False alarm at Mt St Helens eruption (Salem Statesman Journal)

Bremerton port may sell development property (Bremerton Sun)
Enterovirus may be spreading in Washington (Everett Herald)
Whitehorse trail near Oso may be restored (Everett Herald, Olympian)
66 pot tickets from one office may be dropped (Seattle Times)
Lt gov fined on ethics charge on band fundraisers (Seattle Times)
Spokane cops consider video strategy (Spokane Spokesman)
Work begins on Steilacoom bridge (Tacoma News Tribune)
Group fights Clark Co home rule plan (Vancouver Columbian)
Powers of C-Tran board depend on members (Vancouver Columbian)
WSU regents okay medical school (Yakima Herald Republic)

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Sep 12 2014

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Here’s what public affairs news made the front page of newspapers in the Northwest today, excluding local crime, features and sports stories. (Newspaper names contracted with location)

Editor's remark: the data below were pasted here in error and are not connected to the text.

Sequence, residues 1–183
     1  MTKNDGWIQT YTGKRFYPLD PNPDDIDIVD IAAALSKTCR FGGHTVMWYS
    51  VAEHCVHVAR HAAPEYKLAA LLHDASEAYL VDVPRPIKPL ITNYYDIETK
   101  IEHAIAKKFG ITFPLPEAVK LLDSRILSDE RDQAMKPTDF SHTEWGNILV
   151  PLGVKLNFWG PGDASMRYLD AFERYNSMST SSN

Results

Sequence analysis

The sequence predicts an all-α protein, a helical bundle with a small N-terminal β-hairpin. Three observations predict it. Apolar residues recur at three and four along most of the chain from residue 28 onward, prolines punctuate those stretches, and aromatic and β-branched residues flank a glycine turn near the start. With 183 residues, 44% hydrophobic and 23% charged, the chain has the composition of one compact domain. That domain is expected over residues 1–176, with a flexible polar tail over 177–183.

Eberle will leave Boise city council (Boise Statesman)
Yellowstone models possible ‘supereruption’ (IF Post Register)
Blast near old Teton Dam went well (IF Post Register)
Odyssey charter school revoked; no appeal (IF Post Register)
WA Supreme Court holds legislature in contempt (Lewiston Tribune)
WSU regents considering medical school (Moscow News)
Bolz running for CWI trustee (Nampa Press Tribune)
TF downtown stores seek more lenient parking (TF Times News)
Megic Valley emergency dispatch understaffed (TF Times News)

UO’s different kind of presidential search (Eugene Register Guard)
Adding new names to Klamath 911 memorial (KF Herald & News)
Police shooting found justified (Medford Tribune)